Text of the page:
Available at: http://digitalcommons.lmu.edu/llr/vol27/iss4/1 (collected November 2014)
6
Ibid.
7
As it did in Gibbs v Guild (1882) 9 QB 59
8
Liverpool Marine Credit Company v. Hunter, Law Rep. 3 Ch. 479
9
R. Francis, Maxims of Equity. Fleet Street: J. Stephens, 1727
10
Graf v Hope Building Corp (1920) 254 NY 1
11
The Earl of Oxfords Case (1615) 1 Ch Rep 1, (1615) 21 ER 485

system and should be allowed to take priority over common law to prevent injustice. This
was embraced in the Judicature Act12 and later in the Senior Courts Act 198113.
The first instance judgement in Hodgson v Marks14 (despite being overturned on appeal
on a separate basis) provides a good illustration of the protection that Equity gives to the
Common Law. Equity prevents the purpose of a law being knowingly perverted to suit an
individuals needs. The claimant in the matter had vested the legal ownership of their
property in another person in order to be given a mortgage and then wanted to receive the
interest back in order to be freed from that mortgage whilst continuing to live there
throughout. The Divisional court found that Mrs Hodgson was bound by the mortgage in
equity although not in law. A second example of the utility of Equity can be demonstrated
by the famous case Walsh v Londsdale15 where an equitable lease was able to be construed
on identical terms as an unexecuted legal lease in order to fulfil the original intentions of the
contracting parties and forbid one from avoiding their duty to the other under the lease.
This is an example of the maxims Equity looks to the substance not form, and the similar;
Equity sees as done that which ought to be done.

It is clear that Ashburners fluvial metaphor ceased to hold water due to the collateral
effects of the 1873 Act. The first instance of confluence between the two systems is in their
flexibility. Common Law rules have become more malleable while Equitys rules have
become more rigid. Although it is true, that even before the Judicature Act, equity was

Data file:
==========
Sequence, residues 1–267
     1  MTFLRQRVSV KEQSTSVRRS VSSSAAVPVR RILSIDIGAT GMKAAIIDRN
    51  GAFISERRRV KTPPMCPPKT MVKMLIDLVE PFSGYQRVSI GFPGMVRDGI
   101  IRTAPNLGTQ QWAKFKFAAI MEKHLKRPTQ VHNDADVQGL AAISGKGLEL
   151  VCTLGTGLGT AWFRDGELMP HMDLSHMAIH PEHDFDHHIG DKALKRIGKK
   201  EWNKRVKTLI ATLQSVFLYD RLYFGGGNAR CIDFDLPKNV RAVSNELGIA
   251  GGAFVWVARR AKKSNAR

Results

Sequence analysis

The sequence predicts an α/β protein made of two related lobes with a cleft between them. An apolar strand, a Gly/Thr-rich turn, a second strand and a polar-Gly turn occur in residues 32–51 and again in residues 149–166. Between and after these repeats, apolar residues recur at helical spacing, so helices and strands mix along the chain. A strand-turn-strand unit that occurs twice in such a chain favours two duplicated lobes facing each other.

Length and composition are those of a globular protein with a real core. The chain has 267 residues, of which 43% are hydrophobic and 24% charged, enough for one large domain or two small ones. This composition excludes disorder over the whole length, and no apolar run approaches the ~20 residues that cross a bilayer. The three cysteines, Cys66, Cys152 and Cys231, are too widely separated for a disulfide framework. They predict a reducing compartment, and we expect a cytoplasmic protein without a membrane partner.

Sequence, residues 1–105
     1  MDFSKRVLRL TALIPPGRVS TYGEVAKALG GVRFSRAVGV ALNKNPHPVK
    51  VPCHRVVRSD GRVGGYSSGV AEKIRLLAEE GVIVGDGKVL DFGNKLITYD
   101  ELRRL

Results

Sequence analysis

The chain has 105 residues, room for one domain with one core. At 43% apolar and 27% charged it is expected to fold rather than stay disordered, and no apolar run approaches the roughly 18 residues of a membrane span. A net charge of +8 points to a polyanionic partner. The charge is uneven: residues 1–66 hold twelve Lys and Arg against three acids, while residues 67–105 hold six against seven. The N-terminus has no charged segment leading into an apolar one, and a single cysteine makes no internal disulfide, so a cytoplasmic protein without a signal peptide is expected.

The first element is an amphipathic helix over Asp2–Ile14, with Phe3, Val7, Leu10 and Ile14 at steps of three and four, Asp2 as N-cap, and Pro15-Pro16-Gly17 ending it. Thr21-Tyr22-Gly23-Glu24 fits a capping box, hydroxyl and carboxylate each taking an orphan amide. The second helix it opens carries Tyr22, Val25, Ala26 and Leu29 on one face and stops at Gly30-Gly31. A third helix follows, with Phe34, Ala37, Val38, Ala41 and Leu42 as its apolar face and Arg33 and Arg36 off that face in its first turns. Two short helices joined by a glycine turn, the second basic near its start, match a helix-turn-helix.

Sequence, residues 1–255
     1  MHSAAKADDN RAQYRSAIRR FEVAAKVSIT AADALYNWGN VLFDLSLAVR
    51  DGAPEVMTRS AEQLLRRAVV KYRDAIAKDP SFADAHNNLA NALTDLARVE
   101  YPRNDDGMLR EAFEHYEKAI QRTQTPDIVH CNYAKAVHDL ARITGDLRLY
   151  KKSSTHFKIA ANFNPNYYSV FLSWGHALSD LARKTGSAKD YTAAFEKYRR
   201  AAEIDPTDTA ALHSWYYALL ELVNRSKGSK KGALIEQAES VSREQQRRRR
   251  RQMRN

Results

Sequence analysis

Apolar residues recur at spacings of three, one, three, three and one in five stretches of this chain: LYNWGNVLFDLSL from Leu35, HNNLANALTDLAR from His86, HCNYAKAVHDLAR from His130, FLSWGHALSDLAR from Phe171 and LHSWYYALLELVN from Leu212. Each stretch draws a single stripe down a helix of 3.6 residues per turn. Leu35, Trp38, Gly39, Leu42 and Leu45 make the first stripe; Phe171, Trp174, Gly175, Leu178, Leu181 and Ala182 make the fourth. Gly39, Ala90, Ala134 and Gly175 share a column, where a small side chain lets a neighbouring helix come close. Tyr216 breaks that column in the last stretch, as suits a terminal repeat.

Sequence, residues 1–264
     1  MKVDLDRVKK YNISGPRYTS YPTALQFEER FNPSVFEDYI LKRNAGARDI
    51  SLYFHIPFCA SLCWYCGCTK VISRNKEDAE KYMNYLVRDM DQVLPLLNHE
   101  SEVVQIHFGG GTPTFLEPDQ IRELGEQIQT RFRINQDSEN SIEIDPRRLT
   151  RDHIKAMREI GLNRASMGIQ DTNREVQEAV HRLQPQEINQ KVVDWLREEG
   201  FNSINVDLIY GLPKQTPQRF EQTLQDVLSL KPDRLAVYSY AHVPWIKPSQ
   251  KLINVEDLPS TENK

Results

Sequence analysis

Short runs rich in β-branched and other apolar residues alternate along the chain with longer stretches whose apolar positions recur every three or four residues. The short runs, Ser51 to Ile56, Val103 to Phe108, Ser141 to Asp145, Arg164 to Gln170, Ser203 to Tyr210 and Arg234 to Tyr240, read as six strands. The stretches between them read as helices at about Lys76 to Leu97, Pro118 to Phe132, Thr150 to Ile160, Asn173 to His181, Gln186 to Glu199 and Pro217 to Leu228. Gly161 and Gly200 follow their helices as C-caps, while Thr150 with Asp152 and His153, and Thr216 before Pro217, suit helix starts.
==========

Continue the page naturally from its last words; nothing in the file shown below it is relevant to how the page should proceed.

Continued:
limited to its doctrines; these were open to far wider interpretation from than their
common law counterparts would be until the 1970s. John Mcghee QC wrote, in 2010, that,
conscience serves as a reserve of basic principle that judges can draw upon as they develop
equitable principles16. However he also acknowledges that under Chancellors Hardwicke
and Eldon in the 18th and 19th Centuries, Equity largely kept to its existing doctrines for fear
of becoming a form of discretionary justice. This was done to move Equity away from
being, as it was dubbed, as variable as the length of the Chancellors foot. Lord Eldon
12

The Supreme Court of the Judicature Act 1873 S.25(11)


The Senior Courts Act 1981 Section 49
14
Hodgson v Marks [1971] Ch 892
15
Walsh v Londsdale (1882) 21 Ch D 9
16
J.A Mcghee, Shells Equity 32 edn. Sweet and Maxwell, 2010
13

wished for Equitys principles to be just as concrete and lasting as those of the Common
Law, but be applied, according to the circumstances of each case17. Lord Greene went
further, in 1948, stating that for a claim in equity to exist it must have, an ancestry founded
in history and in the practice and precedents of the courts administering equity
jurisdiction18 and that Judges may not deviate from this merely because, the "justice" of
the present case requires it. This is very similar to the Common Law doctrine of precedent.
It also represents a considerable deviation from Bacons definition of the purpose of Equity
in the Earl of Oxfords Case. The conclusion must be that Equity has been influenced by
Common Law practices. This suggests a greater degree of Fusion than a mere procedural
fusion. It is a partial vindication of Justice Somers assessment of the relationship between
the
The second element of Justice Somers description is that the result of the fusion has
assisted the harmonious development of the Law as a whole. This may suggest that the
Common Law has returned to primacy. The purpose of Equity, as has been explained is to
block the enforcement of Common Law rules where they amount to an injustice and their
aims are being circumvented or avoided. In essence Equity is designed to act as a critic of
the universal applicability of the Common Law. If both were operating according to their